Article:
To improve radio efficiency, data is aggregated into a single packet. Once a path has formed, and stored data can be aggregated into a single packet along with data which is currently originating from the node. Stored data is thereby essentially “piggybacked” on packets of data which the node would otherwise send. These embodiments of the present invention thus enhance the probability of successfully sending a data packet from a node toward a base station by overcoming packet drops at any link along a route.

In conventional mesh networks such success probability may be analyzed along [n] hops, as follows:

p(l)=probability of success over link 1

P(n)=Probability of successfully transmitting a packet over n hops, with each link having a probability p(1 . . . n).

R(n)=the number of retransmissions to achieve 100% success over a route
P(n)=Πp(l) [from l=1−n]
R(n)=1/P(n)

In accordance with the present invention two improvements are achieved in Route Level Retransmissions and Spatial Distribution. Route Level Retransmissions improve the R(n) for any given path. The expected hop to drop a packet (thereby causing a retransmission) is calculated as follows:

N=number of hops

p(l)=probability of success over link 1

E(D)=the expected number of hops before a packet is dropped
E(D)=Σ(n*p(l)^(n−1)*(1−p(l)) [from n=1−N and l=n]

According to the present invention, Route Level Retransmission resends the packet from the node it was dropped at instead of retrying from the originating node. This changes the R(n) to the following:
R(n)=(1/Πp(l) [from l=n−E(Dn)])+R(E(Dn)) where E(Dn)>1
R(n)=1/P(n) where E(Dn)=<1

Thus, in a conventional WSN, a node continues to retransmit from the originating node, not taking advantage of the fact that the data packet may have gotten quite far along a path toward a base station. In contrast, the present invention takes advantage of the fact that a data packet has gone Dn number of hops to a node that then tries to resend from there. Since Dn is closer to a base station than the original node, its probability of success should be higher. This makes a retransmission from Dn much more likely to arrive at the base station than a retransmission from the originating node n.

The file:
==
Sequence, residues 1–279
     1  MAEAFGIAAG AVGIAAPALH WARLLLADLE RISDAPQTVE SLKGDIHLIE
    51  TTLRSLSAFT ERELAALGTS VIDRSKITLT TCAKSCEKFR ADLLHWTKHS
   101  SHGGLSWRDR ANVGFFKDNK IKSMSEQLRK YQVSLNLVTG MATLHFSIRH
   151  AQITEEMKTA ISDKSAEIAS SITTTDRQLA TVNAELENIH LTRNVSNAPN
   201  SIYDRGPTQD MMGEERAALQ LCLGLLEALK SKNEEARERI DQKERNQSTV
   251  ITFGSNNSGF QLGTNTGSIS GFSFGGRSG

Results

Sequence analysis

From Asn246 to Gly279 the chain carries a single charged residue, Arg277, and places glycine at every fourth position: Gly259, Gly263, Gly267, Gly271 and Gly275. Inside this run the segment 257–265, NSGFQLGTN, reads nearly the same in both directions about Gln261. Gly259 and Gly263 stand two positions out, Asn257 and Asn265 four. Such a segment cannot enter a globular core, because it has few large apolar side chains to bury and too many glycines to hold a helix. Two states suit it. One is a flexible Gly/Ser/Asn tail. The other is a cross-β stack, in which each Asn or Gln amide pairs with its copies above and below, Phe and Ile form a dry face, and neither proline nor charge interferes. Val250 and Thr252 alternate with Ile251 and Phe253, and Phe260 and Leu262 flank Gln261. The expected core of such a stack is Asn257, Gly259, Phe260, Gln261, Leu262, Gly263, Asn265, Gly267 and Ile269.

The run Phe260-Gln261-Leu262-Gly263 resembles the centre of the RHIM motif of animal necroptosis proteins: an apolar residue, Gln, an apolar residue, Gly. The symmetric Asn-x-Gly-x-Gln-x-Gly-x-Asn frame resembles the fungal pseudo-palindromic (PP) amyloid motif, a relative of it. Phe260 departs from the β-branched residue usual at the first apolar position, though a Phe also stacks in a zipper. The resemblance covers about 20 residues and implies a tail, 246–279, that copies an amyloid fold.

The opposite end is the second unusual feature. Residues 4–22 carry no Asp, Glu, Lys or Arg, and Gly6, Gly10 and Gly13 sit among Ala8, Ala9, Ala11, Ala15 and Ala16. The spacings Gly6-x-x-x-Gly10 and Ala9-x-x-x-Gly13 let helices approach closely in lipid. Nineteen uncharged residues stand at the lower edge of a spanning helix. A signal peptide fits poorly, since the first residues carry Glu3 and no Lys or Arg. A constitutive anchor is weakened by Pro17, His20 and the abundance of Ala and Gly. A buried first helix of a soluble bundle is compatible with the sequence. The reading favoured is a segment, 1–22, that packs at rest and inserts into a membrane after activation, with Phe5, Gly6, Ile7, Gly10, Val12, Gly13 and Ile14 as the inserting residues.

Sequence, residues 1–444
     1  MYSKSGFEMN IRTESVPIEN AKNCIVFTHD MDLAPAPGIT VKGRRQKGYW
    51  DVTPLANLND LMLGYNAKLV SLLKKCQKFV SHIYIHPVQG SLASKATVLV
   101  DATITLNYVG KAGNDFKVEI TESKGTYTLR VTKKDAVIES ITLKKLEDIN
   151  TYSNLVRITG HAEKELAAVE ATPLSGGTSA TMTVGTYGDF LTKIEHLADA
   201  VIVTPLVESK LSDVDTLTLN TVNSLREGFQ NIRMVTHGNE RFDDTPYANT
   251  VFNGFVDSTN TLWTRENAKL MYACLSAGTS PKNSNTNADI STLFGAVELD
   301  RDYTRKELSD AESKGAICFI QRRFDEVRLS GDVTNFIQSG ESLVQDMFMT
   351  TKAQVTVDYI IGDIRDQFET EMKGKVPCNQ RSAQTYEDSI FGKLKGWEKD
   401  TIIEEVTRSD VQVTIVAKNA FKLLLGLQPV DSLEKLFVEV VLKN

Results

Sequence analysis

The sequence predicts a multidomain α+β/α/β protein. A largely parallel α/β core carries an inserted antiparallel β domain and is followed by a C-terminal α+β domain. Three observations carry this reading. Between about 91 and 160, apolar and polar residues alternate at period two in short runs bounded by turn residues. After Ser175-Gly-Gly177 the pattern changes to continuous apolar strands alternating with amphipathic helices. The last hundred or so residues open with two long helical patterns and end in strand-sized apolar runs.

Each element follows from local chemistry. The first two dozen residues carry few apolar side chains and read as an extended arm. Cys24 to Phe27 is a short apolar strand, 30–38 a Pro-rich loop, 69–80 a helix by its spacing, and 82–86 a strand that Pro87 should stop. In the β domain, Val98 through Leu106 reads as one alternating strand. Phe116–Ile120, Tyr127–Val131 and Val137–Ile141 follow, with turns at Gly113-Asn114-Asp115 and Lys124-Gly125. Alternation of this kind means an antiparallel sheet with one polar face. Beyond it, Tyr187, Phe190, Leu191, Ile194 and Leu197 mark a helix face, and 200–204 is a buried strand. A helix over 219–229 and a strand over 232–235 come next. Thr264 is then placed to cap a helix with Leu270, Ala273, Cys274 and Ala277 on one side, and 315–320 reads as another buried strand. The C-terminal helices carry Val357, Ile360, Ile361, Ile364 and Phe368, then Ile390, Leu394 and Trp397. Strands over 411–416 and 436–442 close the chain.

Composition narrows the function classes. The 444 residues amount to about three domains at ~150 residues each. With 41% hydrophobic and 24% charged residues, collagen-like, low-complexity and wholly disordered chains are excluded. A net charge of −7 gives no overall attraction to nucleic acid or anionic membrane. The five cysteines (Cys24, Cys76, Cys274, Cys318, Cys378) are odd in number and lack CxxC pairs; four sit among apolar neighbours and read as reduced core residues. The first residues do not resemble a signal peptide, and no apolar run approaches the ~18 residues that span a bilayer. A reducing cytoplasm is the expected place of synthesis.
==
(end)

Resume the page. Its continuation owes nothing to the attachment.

The present invention also improves the P(n) of a single packet by spatially distributing the packet over a subset of the neighboring nodes in radio range of the dropping node. These nodes can then resend the packet along their own paths, improving the probability of packet delivery to the base station. The number of nodes receiving a distributed packet is as follows:

S(x)=number of nodes in radio range of node x

p(ls)=the link quality between node x and a node in S(x)

M(x)=the number of nodes which receive a spatially distributed packet sent by node x.
M(x)=Σp(ls) [from ls=1−S(x)]

Since the M(x) nodes also forward the packet along their paths, the new P(n) becomes:
P(n)=(Πp(l) [from l=n−E(Dn)])*(1−(Π(1−P(x))) [from x=1−M(E(Dn))]

The present invention thus improves the probability of successful transmission of a data packet over n hops by attempting to send data to M neighbors from the point of failure E(Dn). The probability of success is increased because there are M more routes the data is simultaneously taking.

The present invention is particularly beneficial and advantageous in Long Hop Networks and in High Density Networks. One implication of P(n) is that as n gets larger the P(n) gets smaller. This means that the greater number of hops in a network lowers the probability of successfully sending the packet over the entire route.

The graph of FIG. 14 illustrates Hop Count (n) vs Success Rate for different Line Errors Rate (1−p(x)).

As shown, even good link qualities (90%) tend to have poor success rates (60%) as the hop count increases (10 hops).

For this reason, long hop networks tend to become sets of disconnected sub-networks, and these sub-networks can merge with other sub-networks or can fracture into more sub-networks, as illustrated in FIGS. 15 and 16.

In these situations the present invention improves the WSN by reliably forwarding the data: